Sleep loss causes brain vulnerability to toxic elements

June 10, 2014

To answer the question of why we have to sleep, research conducted at the Mexican Metropolitan Autonomous University (UAM) revealed that chronic sleep loss can cause certain neurotoxic molecules, which normally circulate in the blood, to be transported to the central nervous system and interfere with the function of neurons.

Beatriz Gómez González, professor and researcher at UAM and head of the scientific project, explained that this arises due to an alteration in the central called blood-brain barrier, which is the component responsible for protecting the brain from potentially neurotoxic agents.

Through the induction of on some animals, the specialist at UAM and his staff corroborated that during periods of insomnia, joints vessels in the blood-brain barrier began to degrade. "We observed that some elements could cross that barrier and reach the brain tissue itself," explained the researcher.

By entering the brain, some nerve agents could potentially affect and even promote neuron death. For example, the specialist said, an agent called monosodium glutamate found in a wide range of processed foods may cause neuronal damage by overactivation of these cells (excitotoxicity), although the range of neurotoxic agents circulating in the blood is very extensive.

Furthermore, the research group at UAM studied the risks that could arise as a result of the administration of some drugs to the increased permeability of the blood-brain barrier induced by chronic sleep loss. Gómez González said that, based on some studies, it has been confirmed that some second-generation antihistamines permeate into the brain tissue when this phenomenon occurs.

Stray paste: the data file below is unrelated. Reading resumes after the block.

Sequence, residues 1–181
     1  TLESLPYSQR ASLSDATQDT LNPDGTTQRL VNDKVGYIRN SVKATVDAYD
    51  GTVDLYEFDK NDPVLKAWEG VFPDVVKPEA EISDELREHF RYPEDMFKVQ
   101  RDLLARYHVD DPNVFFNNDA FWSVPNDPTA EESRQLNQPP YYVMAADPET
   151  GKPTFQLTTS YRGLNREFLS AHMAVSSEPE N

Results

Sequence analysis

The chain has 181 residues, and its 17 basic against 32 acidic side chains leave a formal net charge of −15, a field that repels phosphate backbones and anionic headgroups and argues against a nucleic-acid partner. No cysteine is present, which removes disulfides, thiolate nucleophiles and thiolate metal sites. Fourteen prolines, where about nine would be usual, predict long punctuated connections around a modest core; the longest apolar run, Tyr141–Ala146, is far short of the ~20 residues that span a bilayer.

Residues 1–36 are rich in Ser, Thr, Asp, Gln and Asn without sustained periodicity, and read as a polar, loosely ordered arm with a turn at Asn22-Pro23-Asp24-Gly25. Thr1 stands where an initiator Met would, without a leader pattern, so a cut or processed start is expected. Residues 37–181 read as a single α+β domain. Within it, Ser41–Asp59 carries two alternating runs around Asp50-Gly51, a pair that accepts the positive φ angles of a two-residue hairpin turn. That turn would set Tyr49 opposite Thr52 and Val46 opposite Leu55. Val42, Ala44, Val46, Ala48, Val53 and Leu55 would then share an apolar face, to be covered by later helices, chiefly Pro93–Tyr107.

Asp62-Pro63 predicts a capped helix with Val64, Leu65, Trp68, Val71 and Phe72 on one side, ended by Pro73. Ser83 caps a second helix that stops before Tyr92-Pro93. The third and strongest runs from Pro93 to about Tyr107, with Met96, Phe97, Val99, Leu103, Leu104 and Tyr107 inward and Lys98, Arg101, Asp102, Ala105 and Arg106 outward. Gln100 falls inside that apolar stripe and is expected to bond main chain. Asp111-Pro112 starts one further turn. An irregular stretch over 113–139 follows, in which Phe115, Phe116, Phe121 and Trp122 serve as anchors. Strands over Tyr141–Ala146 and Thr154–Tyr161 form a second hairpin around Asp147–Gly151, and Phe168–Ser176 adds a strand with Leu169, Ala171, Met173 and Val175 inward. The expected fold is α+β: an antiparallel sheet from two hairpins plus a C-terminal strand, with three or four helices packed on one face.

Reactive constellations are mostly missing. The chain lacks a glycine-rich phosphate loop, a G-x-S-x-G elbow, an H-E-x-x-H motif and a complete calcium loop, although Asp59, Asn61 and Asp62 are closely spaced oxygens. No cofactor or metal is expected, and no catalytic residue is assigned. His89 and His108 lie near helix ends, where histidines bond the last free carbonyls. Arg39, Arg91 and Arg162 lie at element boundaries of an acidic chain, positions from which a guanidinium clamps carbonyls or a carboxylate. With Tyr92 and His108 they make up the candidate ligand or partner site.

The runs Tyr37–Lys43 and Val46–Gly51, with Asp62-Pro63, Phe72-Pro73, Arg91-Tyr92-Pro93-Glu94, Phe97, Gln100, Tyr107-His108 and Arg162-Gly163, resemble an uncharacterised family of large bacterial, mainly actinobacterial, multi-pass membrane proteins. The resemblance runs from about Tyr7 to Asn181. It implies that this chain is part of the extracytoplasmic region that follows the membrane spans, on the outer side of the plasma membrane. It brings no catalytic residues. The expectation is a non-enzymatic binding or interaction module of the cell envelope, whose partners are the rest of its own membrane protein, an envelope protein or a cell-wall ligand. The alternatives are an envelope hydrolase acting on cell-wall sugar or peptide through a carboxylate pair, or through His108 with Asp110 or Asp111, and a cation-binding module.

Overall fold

"Although manufacturers of antibiotic drugs or second-generation antihistamines ensure that these do not affect brain function, there is evidence that these may impact on the when there is an increase in the permeability of the ," said the researcher. This phenomenon may cause some unwanted excitotoxicity effects in neurons, drowsiness, behavioral changes and even neuronal death.

Another phenomenon reported by researchers at UAM, with the induction of sleep loss in animals is the increased number of pinocytotic vesicles in cells. These relate to certain folds of a cell elements and capture materials found in the bloodstream; but this phenomenon may increase the risk of neurotoxic elements entering the . "The animals that have been induced sleeplessness develop up to three times these vesicles compared to animals in natural state."

Explore further: Team moves small-molecule drugs through blood-brain barrier

Related Stories

Team moves small-molecule drugs through blood-brain barrier

June 4, 2014
Researchers at Mayo Clinic have demonstrated in a mouse model that their recently developed synthetic peptide carrier is a potential delivery vehicle for brain cancer chemotherapy drugs and other neurological medications. ...

Study IDs new cause of brain bleeding immediately after stroke

April 17, 2014
By discovering a new mechanism that allows blood to enter the brain immediately after a stroke, researchers at UC Irvine and the Salk Institute have opened the door to new therapies that may limit or prevent stroke-induced ...

Sleep to protect your brain

December 31, 2013